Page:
In Jungian Psychology, there is a concept called “Embracing The Shadow,” where you open yourself up to the parts of yourself that you don’t like or you feel ashamed of. Because when you do, you start to feel more grounded and whole.

This concept works well with grief too.

Because at first, grief is terrifying to think about. For me, it’s like a black void of pain and sorrow. I don’t want to get near it, let alone touch it. And become friends with it!? Heck no!

But if you start by letting yourself get a little closer, you might get a glimpse of the beauty that is also mingling with the darkness and sorrow. And you’ll see that the pain you feel is so intense because it mirrors the intensity of the love you have for your pet.

When you’re ready, invite your grief in. It doesn’t have to stay forever. I like to think about having it over for a cup of tea. 

10. Keep helpful mantras in your back pocket.

When it comes to grieving a pet, I find these 2 concepts most helpful for me.

  1. Grief is simply love in another form.
  2. The way you feel will not last forever.

If you have a quote or an idea that has resonated or helped you while grieving, keep it close. Turn to it when you need it. Use it as an anchor to get you through the toughest days. And always remember – you are not alone.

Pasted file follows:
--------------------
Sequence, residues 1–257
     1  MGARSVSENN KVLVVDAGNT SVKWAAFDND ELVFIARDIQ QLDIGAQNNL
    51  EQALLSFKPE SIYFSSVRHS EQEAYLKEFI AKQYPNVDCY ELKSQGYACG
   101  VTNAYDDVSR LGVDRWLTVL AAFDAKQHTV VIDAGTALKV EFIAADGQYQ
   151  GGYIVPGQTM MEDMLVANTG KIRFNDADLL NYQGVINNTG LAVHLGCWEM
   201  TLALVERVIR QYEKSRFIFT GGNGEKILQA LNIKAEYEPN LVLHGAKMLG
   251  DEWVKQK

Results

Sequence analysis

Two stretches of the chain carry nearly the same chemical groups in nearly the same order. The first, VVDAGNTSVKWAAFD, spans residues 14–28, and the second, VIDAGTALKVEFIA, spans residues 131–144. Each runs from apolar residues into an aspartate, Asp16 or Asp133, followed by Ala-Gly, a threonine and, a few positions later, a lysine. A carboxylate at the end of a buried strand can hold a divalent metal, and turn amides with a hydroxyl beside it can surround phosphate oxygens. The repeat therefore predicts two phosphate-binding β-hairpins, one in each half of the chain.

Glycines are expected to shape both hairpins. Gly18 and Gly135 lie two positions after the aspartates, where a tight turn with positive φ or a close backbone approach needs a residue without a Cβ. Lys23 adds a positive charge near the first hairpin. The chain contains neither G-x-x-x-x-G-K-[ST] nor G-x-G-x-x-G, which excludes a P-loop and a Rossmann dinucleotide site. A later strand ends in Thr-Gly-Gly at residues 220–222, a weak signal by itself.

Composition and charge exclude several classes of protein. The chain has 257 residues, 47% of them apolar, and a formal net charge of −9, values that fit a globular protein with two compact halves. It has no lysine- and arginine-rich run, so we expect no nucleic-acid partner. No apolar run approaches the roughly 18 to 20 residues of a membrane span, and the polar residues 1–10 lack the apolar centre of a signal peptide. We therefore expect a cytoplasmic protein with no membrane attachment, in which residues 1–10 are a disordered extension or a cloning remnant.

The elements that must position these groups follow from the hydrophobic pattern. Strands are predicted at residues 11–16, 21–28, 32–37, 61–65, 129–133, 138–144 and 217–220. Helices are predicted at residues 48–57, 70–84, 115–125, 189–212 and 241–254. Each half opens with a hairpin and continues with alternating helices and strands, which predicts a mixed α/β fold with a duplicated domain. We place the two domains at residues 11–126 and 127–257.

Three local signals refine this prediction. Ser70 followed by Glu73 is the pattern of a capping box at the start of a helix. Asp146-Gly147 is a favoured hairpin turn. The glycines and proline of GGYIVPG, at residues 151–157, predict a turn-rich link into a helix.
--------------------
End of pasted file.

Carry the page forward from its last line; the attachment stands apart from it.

I hope you found some of the insights about pet grief in this article helpful. If so, please share it with anyone else you think might benefit.

I invite you to like it below, and leave a comment with your pet’s name, and a special memory you shared with them.

Here is one of me with Squiggles, when we traveled cross-country together for 4+ months during Covid. But really, my favorite times we shared together were the simple moments of snuggling with her in my lap.

After traveling from NYC to Florida, San Francisco and back, Squiggles ended up feeling perfectly at ease in the car.

Take good care of yourself during this time, and don’t hesitate to reach out. My email is hello@paigerechtman.com.

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2 Responses

  1. May I just say thank you for two things you have said in two articles.
    In your article “Losing a pet after 15+ years” you said “the grief is so painful because it’s the unexpressed love you still have”.
    In this article you say “Grief is simply love in another form”.

    I had my wonderful dog Filou put to sleep yesterday as a kindness to her and as my way of returning the unconditional love she had given me. I promised her I would let her go when the time was right for her, not me, as the time would never be right for me.